It’s Been Fun…and Hopefully Informative, follow on FB & Twitter

I am finding I don’t have the time to keep up this blog on a weekly basis and I know when I follow a blog I like a weekly update, not a monthly, or longer to wait for info. So I am going to switch to using my  Empower College & Career Facebook and Twitter 100% of the time. Where I can update instantly on a daily basis if need be. See you on the other side! (Did you get the Adele reference to her song?:)



Read These!

The Princeton Review has released it rankings of colleges where you get the most for your money. Paying attention to the aid packages that the schools give is important! Read the article here.

Scroll down past the Princeton Review and read the article on helping your anxious child make the transition from high school to college.

Funding Friday~Another Scholarship Resource

I was sent the following link for Good Call Scholarship Resource. The thing I like about this is you don’t have to input any personal information. You do have to create an account but can do so with only your email account.

Good Call allows users to filter through scholarships based on due dates, award amounts, application difficulty (filter out the page long essays!), grade level, majors, ethnicity, gender, location, and school!

I was able to find four scholarships that my daughter would qualify for here in Arizona. I try to stay away from the national scholarships and like to focus our time on local or state level scholarships. There is less competition for those.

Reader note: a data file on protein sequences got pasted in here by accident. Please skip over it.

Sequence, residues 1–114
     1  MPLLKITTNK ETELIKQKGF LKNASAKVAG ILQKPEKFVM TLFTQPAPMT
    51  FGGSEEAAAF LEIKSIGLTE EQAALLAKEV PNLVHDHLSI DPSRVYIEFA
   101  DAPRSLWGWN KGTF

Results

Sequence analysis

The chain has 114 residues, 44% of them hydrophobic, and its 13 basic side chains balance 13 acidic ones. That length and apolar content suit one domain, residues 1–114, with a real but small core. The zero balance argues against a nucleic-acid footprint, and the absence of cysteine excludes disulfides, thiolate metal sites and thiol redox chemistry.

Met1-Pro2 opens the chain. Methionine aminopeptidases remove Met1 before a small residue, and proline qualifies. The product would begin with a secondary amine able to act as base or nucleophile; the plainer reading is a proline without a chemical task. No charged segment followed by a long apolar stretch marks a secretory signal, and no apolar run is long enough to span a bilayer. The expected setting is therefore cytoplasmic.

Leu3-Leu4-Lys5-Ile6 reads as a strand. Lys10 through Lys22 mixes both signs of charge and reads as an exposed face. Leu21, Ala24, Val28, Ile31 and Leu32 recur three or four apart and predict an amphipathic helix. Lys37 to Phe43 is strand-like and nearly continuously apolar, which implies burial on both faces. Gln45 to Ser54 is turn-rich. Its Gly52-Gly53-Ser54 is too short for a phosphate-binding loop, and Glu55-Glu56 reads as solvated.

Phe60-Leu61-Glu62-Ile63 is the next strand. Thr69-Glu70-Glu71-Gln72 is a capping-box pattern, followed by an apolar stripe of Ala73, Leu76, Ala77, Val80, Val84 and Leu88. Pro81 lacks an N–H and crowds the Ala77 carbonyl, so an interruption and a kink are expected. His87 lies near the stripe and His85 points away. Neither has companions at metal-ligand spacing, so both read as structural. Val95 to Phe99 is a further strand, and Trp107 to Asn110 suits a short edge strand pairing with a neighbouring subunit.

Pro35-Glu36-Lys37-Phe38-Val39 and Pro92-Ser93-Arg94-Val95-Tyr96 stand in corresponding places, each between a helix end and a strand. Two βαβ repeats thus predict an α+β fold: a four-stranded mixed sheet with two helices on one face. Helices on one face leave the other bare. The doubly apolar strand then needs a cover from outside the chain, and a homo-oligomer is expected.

Student Workers, How it affects your FAFSA.

Does your student work? Mine does. And she is excited to get a tax refund (most students do). Their taxes are easy, a simple, 1040 EZ form. I was unsure if my daughter could file taxes because we still claim her on ours. According to our accountant we can, she did not not make much, under 5000.00 in 2015. This will not affect her being able to file and us being able to claim her on our taxes.

But what about their FAFSA? How does it affect that? 

Any income that a student earns can go towards the Estimated Family Contribution, however, their total amount is not calculated into their EFC. The government allows dependent student workers to make up to $6,260 before income begins to impact financial aid eligibility. Students are expected to contribute 50% of any monies earned over the $6,260. So that 50% will affect their financial aid received from the FAFSA.





Senior To Do List

Now that second semester is here, time is going to fly by!!

Seniors and parents can start the FAFSA now even if you don’t have your W2’s. You won’t be able to submit it until you get your W2’s. Don’t wait, Grants and Work Study are on a first come first serve based on need.

When you are deciding what school to send your student, research, research, research. This is an investment.

Consider the costs between Public vs. Private, University vs. Community College, and In-State vs. Out-of-State.

In-state schools are less expensive than out-of state schools (annual tuition)

NAU (AZ resident) = $10,400
UCLA (non-resident) = $56,400

Community Colleges are less expensive than Universities (annual tuition)

ASU (public university) = $12,700